Thursday, May 28, 2009
Big documents and bananas
This experiment placed five monkeys in a room with a banana tree in the center. Whenever a monkey attempted to climb the tree to pick banana, a sprinkler system would spray all the monkeys with water until the monkey retreated from the tree. They repeated this experiment until all the monkeys learned to not approach the tree. The monkeys liked being dry more than they liked bananas.
The next stage of the experiment involved replacing one of the monkeys with one who had never been sprayed with water. The new monkey soon started to approach the banana tree. However before the sprayers started, the other monkeys jumped into action and beat the new monkey away from the banana tree. This was repeated every time until the new monkey learned not to approach the tree.
The researchers continued to replace the original monkeys who were sprayed with water one by one with fresh monkeys. Eventually none of the monkeys in the room had ever been sprayed with water for climbing the banana tree. The monkeys still continued to beat up any monkey for approaching the banana tree. None of them "knew why” they couldn’t approach the banana tree. They just knew that the banana tree was off limits.
Sometimes we developers do the same thing. A company’s culture becomes intertwined with the “standard best practices” that aren’t questioned and never replaced. Personally I did this for many years pursuing waterfall methodologies. I wrote big documents up front (BDUFs) for projects that always failed to account for everything. Even after those projects shipped--following months of crunch and despair--I would start the next project the same way.
Are there any "banana tree" rules where you work?
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This "experiment" is almost certainly an urban legend:
Actually, if you read them, neither of those entries refutes it. One of the comments say "almost certainly...".
A google search turned up this:
"Well, it seems to be true; not in the exact shape that it took here, but close enough"
I agree. Close enough!
Huh? That TinyURL link goes to an Answers.com answer that reads, in total, "yes":
Not the most credible support. What about a research article in a scientific journal?
That's odd. Yours is broken too.
You'll find two research articles referenced at the top of the article.
It's odd that you insist on research references after sending two links from snopes which don't confirm or deny the experiment and don't have any references either way. Double standard?
Just the usual (single) standard that "extraordinary claims require extraordinary evidence." That second link works. The study quoted there does seem to be the origin of the legend; whether that counts as "close enough" in its applicability to business psychology is evidently debatable. But thanks for the link.
The interesting point about the study (whatever the source) is that it appears to be an innate primal trait to do things we don't always understand the reasons for.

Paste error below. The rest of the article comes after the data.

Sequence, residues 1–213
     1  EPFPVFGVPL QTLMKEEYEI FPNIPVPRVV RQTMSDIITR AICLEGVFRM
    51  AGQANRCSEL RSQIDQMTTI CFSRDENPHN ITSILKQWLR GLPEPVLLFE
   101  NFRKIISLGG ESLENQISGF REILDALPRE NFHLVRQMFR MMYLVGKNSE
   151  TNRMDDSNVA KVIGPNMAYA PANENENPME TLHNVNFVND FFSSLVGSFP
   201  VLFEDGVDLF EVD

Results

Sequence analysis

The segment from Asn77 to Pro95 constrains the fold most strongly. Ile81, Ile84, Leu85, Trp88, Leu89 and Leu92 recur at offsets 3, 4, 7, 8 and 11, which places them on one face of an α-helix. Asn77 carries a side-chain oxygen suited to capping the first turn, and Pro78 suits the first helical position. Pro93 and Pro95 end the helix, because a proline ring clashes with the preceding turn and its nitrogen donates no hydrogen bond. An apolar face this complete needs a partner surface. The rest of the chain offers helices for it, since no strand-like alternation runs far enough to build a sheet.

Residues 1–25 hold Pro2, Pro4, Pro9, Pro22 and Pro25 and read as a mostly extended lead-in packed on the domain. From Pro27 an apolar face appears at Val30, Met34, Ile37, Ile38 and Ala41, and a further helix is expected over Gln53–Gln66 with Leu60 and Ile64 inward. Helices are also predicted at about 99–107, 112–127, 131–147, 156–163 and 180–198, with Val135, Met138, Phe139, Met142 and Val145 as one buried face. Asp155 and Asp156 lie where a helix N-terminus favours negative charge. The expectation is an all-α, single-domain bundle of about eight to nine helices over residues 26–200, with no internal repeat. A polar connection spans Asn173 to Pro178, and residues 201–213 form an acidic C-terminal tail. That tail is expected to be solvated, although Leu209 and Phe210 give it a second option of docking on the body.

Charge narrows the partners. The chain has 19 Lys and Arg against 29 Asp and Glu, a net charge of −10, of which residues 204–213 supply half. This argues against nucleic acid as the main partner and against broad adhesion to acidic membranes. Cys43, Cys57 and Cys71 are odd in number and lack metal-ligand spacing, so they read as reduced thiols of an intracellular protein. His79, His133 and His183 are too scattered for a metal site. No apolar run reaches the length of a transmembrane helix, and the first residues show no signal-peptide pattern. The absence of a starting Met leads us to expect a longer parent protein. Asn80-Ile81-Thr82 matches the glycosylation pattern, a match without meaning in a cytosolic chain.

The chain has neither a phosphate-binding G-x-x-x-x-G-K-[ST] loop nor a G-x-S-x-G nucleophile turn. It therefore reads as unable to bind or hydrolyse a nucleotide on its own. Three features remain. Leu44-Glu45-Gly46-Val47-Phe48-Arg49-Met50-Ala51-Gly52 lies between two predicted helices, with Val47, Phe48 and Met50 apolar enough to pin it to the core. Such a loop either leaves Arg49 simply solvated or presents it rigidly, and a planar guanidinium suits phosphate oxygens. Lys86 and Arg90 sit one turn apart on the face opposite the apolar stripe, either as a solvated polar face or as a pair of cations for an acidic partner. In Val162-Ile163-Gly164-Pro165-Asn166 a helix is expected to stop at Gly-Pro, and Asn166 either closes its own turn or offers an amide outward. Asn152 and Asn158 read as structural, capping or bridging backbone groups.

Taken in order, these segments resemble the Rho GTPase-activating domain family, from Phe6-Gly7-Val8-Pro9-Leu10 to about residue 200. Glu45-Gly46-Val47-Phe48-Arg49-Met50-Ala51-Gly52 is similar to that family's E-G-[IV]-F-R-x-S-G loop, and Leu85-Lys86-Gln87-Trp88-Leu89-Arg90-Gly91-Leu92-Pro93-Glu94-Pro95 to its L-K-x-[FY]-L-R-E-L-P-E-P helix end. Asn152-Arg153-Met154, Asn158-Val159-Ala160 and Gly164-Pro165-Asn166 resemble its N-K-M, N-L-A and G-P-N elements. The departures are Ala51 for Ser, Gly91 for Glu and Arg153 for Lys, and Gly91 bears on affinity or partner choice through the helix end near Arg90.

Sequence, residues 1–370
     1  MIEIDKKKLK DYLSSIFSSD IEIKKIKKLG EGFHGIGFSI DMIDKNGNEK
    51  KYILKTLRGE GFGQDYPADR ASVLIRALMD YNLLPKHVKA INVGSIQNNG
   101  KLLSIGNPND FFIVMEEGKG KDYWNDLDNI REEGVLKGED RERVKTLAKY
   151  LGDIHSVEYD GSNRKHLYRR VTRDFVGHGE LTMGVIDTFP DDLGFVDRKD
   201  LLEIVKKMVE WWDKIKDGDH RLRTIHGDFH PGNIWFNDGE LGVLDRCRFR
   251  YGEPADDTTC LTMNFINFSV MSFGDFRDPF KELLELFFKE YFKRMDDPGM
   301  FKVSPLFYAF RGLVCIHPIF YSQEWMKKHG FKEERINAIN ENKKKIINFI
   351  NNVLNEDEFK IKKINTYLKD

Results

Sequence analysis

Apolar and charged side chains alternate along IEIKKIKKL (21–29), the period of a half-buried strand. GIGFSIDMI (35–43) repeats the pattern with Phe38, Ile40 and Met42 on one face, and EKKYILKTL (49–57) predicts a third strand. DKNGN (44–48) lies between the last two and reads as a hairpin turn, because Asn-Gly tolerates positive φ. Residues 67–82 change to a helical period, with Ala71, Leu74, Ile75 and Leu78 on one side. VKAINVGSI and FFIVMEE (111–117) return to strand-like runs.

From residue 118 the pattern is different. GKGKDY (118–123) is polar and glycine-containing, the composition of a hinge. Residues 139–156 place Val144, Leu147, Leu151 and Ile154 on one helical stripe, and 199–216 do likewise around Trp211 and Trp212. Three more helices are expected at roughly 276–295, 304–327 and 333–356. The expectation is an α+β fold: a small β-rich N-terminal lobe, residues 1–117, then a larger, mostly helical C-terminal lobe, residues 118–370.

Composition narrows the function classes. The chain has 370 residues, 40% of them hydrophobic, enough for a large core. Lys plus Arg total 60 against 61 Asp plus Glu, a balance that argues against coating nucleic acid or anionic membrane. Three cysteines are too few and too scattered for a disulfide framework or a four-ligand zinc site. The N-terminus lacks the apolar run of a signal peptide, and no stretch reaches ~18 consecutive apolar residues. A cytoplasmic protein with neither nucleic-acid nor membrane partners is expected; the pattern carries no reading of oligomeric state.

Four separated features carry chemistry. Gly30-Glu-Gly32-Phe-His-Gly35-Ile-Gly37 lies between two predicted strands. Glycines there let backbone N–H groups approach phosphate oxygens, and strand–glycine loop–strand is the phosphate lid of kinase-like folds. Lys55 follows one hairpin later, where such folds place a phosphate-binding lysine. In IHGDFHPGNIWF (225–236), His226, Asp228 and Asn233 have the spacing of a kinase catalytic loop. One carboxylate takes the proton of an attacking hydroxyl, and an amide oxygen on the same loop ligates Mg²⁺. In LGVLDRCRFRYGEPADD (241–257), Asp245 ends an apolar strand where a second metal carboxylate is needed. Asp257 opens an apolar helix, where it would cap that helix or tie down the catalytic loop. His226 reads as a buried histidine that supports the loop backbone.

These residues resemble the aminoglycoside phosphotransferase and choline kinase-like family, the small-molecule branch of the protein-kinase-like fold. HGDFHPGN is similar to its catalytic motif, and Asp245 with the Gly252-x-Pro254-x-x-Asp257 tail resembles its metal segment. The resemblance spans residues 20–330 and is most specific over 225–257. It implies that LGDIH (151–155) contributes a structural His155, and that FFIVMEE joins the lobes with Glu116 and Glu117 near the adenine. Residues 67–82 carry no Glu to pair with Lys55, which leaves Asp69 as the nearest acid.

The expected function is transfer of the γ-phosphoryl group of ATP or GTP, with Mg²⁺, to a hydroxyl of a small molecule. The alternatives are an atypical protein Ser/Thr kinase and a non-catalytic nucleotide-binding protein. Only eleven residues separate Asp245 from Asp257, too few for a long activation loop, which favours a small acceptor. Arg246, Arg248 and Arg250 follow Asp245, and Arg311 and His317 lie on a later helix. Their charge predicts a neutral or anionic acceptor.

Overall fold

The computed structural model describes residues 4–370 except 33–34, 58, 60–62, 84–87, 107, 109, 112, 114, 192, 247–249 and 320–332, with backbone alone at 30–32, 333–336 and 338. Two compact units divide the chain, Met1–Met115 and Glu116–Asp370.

Most of us who have worked on large-scale projects have done things we don't always understand the reasons for (e.g. TPS cover sheets).
If you have not, consider yourself fortunate!
Honestly, who really cares if the monkey story is true or not? Fact is, this happens in organizations. People unquestioningly avoiding banana trees, even though it no longer (and maybe never did) make any real sense at all.
Truth is, it'd sort of be even funnier if the monkey study is false - maybe the monkeys are smarter than us!
Your argument for credible citation aside Allen, you know Mike's right. If you've never seen monkeys (managers, haters, old boys clubs) beating other monkeys (change agents, people with common sense & a desire to improve) away from bananas (best practices, promotions) where you work, I'd love to know which zootopia you work at!! I'll gladly apply to be the wet monkey munching all the bananas...
Seriously, everyone resists change - from my 4 year old nefew who resists bed time to my art directors who resist Agile because it "doesn't apply" to them (aka - they have a hard time breaking down big hairy goals into iterative sprint or release sized chunks).
I'm no head shrinker, but to explore a little, I think the urge to resist can start as healthy skepticism - which is great for the process of change. But I also think fear of failure, office politics or even peer pressure can take hold once the resistor has no more ground to stand on. Eventually, all they have to hold onto is the hope for an "I told you so..." moment sometime down the road. What is this, grade school?
Back to the topic - it's important for everyone (the resistors and change agents) to find common ground. "Can everyone agree there's a problem to solve? Can we be more effective? Do we want to stop over-engineering or creating huge docs that go out the window everytime the customer or PO demos the software?" Next, everyone has to be involved in the decision - "OK we all agree on the issue but some of you are apprehensive. Why and what specifics do you have reservations about? What would you do differently?" Finally, everyone has to see the benefits of your precious change - or it falls flat and people drop off.
I have found that tackling resistance to Agile has been somewhat easy with this or similar change management approaches.
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